People are the priority when we are decorating our homes. And people are attracted to beauty. You want your home to be a place that draws people in. We're not talking about spotlessness and perfection here, but rather beauty, color, and light—anything that communicates love and care.
How does this relate to relationships?
We want to create an environment that will draw our spouses and loved ones home—to make home an attractive, orderly place. The end result is not creating a beautiful structure; rather, it is about making an atmosphere where lives are blessed. It's not about the stuff. It's about using the stuff to make a place where people and relationships grow.
I notice you say "orderly." How can clutter affect relationships?
There is no beauty without order. And clutter is a huge hot button for married couples and families. When a home is disorderly and unattractive, it repels people. When they are there, they feel chaos, confusion, and stress. We don't realize how much atmosphere impacts us.
How important is getting rid of clutter?
Before you ever think about beauty, get things in order. Start with one room at a time. Remember that you are not creating order for order's sake; rather, you are recognizing that disorder will drain your family relationships and take away your energy. It's not about perfection. It's about finding things!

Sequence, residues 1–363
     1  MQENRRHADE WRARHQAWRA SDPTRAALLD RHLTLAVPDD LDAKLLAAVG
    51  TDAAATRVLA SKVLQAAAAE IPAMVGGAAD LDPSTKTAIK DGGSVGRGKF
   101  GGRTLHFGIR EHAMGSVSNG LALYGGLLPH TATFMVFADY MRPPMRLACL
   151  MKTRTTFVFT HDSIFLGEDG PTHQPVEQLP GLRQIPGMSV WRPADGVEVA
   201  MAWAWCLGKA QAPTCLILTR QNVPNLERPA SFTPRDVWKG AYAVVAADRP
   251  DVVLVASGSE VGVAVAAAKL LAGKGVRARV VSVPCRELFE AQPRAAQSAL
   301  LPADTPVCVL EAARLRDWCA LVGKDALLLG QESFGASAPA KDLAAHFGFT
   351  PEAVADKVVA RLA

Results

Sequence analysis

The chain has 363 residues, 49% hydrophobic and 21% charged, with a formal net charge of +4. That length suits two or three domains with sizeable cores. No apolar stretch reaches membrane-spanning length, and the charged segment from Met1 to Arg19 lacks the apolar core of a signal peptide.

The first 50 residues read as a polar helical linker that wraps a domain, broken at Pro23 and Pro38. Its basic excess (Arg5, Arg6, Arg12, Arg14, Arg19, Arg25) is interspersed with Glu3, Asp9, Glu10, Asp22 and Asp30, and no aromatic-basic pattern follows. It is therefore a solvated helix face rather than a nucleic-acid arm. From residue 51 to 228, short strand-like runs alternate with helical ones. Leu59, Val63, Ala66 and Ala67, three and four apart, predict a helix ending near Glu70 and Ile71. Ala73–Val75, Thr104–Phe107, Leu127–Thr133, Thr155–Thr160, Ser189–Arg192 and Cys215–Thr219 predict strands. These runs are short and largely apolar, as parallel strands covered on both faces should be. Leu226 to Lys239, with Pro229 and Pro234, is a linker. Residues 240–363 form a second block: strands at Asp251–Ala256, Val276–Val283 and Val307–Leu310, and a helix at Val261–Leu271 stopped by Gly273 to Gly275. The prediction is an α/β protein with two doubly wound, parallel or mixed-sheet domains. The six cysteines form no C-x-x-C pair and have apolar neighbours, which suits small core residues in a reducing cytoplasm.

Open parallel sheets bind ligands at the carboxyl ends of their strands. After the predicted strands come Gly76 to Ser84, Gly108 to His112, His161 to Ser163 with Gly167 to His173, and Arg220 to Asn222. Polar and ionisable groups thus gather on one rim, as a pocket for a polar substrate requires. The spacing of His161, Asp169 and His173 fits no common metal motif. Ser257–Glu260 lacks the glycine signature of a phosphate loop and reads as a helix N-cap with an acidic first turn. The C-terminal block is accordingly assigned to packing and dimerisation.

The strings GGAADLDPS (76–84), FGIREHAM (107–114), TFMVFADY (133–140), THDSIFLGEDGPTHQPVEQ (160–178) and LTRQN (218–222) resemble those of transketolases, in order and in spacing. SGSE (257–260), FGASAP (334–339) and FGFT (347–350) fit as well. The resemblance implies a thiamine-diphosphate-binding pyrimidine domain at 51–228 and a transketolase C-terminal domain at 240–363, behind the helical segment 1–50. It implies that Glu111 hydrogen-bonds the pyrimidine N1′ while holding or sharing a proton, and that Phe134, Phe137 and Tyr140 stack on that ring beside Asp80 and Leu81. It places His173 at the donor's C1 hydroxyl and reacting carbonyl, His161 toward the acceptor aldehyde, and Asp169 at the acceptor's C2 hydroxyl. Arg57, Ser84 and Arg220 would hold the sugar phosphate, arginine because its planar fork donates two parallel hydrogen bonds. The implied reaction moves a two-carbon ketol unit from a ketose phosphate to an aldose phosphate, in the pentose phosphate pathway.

How has decorating your own home affected your relationships?
Initially, our bedroom was not a priority, and we just had hand-me-downs. But my husband and I finally took time to make it attractive, make it a refuge. We got rid of the clutter and junk and made it feel like a special place. This didn't just help our sexual relationship, it helped give us a sense of peace.
So is the bedroom a priority when you begin decorating?
We often leave it for last, but ultimately it should be one of the first places we take care of. We want to create a place where we can rest and feel replenished.
What other rooms are important?
We have three major functions: eating, sleeping, and recreation. So you want to take care of the bedroom, kitchen, and living or family room first.